Do Carbs Make Me Fat?

Written by Sky Taylor, Diet Bites

Carbohydrates in the Daily Diet Related to Weight Gain


Defining Carbohydrates in the Diet

The only way that carbohydrates can create weight gain is when you consume more calories than your body uses for the day.  

Let's say that you've consumed all the caloric - or energy needs required by your body for the day.

Suddenly, you decide to eat a bowl of pasta which contains a significant number of carbohydrates. One cup contains about 45 total carbohydrate grams.

Therefore, in this situation, yes - the pasta will be applied as fat, and stored inside of your fat cells - those little reservoirs of energy that you don't have an immediate need for which your body can pull energy from on those days when you don't consume sufficient calories to meet your energy needs.

We also need to make a health note about simple and complex carbohydrates. Foods associated with the simple carbohydrates typically include sugary treats such as pastries, cakes, cookies and pies.

These foods serve the purpose of providing quick energy to the body which is one of the cornerstones of carbohydrates but they are too fatty to serve as substantial nutritional sources for the body. In fact, they tend to do more harm than good by attacking our arteries and impacting our heart and circulatory system in negative ways.

On the other end of the spectrum, we have the complex carbs. These tend to offer a healthy burst of nutritional values to the body via whole grain goodness. Foods sources for complex carbohydrates include oats, bran, whole grain bread and whole grain pasta.

Although carbohydrates are THE topic of the Diet Village these days, we recommend that you soak your sails in the complex carbs which take longer to digest and keep you feeling full, longer and leave those simple ones behind - in your former daily diet plan where they belong.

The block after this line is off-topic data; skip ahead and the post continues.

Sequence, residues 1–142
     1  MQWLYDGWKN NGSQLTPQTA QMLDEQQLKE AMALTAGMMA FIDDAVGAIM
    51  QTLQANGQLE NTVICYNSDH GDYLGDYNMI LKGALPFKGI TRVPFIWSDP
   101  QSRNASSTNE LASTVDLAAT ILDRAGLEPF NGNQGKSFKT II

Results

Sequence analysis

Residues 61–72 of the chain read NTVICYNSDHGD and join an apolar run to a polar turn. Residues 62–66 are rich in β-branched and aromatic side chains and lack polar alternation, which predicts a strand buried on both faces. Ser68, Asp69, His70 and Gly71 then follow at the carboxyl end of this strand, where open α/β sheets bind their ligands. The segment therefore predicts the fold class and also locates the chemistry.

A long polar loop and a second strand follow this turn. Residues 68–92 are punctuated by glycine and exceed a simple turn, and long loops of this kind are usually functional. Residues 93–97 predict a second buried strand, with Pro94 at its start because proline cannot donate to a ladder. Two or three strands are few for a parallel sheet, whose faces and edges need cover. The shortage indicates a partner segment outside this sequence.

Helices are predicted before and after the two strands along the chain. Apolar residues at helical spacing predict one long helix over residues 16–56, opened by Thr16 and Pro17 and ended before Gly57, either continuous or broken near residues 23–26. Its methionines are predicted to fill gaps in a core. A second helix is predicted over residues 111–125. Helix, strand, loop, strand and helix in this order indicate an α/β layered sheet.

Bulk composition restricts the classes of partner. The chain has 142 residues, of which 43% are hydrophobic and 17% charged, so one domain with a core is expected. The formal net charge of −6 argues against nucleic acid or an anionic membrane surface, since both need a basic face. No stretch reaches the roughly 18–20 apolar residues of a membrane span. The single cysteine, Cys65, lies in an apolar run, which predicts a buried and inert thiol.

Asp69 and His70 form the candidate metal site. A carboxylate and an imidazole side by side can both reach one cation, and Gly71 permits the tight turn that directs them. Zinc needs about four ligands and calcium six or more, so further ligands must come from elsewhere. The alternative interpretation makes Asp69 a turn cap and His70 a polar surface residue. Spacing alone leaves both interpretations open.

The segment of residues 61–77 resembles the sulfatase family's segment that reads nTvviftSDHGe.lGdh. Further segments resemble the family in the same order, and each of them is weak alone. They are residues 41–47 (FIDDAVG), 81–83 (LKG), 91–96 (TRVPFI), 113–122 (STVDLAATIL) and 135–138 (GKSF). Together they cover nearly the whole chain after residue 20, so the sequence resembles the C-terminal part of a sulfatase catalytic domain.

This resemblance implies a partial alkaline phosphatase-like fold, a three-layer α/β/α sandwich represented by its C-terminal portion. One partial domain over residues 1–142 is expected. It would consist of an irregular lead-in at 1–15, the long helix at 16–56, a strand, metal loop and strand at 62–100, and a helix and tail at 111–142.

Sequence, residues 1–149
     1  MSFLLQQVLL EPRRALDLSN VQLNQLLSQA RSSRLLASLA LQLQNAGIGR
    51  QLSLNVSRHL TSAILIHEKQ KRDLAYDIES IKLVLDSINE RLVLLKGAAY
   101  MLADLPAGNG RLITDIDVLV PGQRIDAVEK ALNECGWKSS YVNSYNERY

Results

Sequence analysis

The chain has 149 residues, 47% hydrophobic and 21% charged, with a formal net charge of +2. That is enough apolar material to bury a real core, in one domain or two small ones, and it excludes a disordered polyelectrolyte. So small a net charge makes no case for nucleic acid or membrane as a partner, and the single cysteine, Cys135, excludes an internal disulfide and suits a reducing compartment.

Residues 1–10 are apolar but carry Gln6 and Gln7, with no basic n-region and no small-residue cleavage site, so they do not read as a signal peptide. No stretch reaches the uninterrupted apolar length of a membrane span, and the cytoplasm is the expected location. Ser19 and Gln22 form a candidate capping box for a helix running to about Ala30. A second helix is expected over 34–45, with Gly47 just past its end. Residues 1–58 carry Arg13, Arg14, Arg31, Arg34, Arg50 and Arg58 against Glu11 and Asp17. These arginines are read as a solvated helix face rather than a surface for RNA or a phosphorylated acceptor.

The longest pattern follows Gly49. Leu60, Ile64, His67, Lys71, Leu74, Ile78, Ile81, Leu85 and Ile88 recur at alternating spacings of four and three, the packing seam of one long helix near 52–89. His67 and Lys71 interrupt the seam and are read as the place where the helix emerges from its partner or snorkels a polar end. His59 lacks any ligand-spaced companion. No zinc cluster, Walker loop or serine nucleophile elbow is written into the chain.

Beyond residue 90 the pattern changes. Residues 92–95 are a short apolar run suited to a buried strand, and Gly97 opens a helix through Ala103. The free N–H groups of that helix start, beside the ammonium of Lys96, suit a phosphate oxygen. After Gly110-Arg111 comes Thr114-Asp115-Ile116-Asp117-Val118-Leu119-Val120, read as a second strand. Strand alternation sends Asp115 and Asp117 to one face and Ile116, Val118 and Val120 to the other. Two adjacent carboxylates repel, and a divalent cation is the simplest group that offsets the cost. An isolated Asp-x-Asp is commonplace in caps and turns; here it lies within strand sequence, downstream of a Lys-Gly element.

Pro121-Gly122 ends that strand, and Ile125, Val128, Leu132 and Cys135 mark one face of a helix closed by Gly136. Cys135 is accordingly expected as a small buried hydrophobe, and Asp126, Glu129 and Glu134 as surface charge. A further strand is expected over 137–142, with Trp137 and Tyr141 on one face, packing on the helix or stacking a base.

Feeding the Best Fuel to Our Body for Maximum Health Benefits

Yes - it's okay to enjoy an occasional pastry or cookie, but think of these foods as fuels (energy) for your body rather than focusing upon the delectable flavors and wonderful textures of the foods.

You wouldn't fill your car with camping or lantern fuel and expect it to go very far without the car choking-out or smoking. Such is the poorer food choices in our daily diet.

While a car will run - albeit lousy on lantern fuel for a spell, it runs best on premium gasoline. Just as the body will continue functioning when fed inferior food choices, the body much-prefers the wholesome foods that supply its energy needs best. That is when it runs the smoothest.

Fat Storage Within the Fat Cells, How Extra Energy is Stored a Spare Body Fuel

As far as fat goes, even the extra calories from a carrot that your body doesn't use (burn as energy), becomes stored in your fat cells. So whether it's fat from simple pasta, whole grain pasta or fat from carrots, stored fat is just that - stored fat.

Other examples of complex (unrefined) carbohydrate foods are cereals and vegetables that contain sugars, starch and cellulose, as well as vitamins and protein. About 50 - 60% of the daily diet should consist of complex carbohydrates for optimum health benefits.

A Variety of Healthy Foods for Energy Needs

The best combination of foods that we can input into our body reside within the official food pyramid. While the pyramid is certainly not a perfect pattern for optimum health - it is the best pattern that we currently have in today's modern world.

As the body is continued to be studied in our future, the pyramid will continue to be modified to reflect those findings. One day, we may even have the perfect combination of vitamins and nutrients which provide the key to a much longer, healthier life.

Until that time, as to your carbohydrate intake - make the foods that you insert into your daily diet based on whole grain choices. Limit or totally restrict simple carbohydrates and keep serving sizes as accurate as possible.

This is especially important in the area of carbohydrates as many are extremely high in caloric content. Wild rice, brown and white rice, pasta - including macaroni and spaghetti as well as couscous contain about 200 calories per cooked cup.

When that single cup turns into two, then three - then four - it's way too easy to exceed our caloric needs for the day, thus experiencing weight gain as the excess energy is stored in our fat cells.

While eating carbohydrates won't make the body fat - eating too many certainly can when caloric needs are exceeded.


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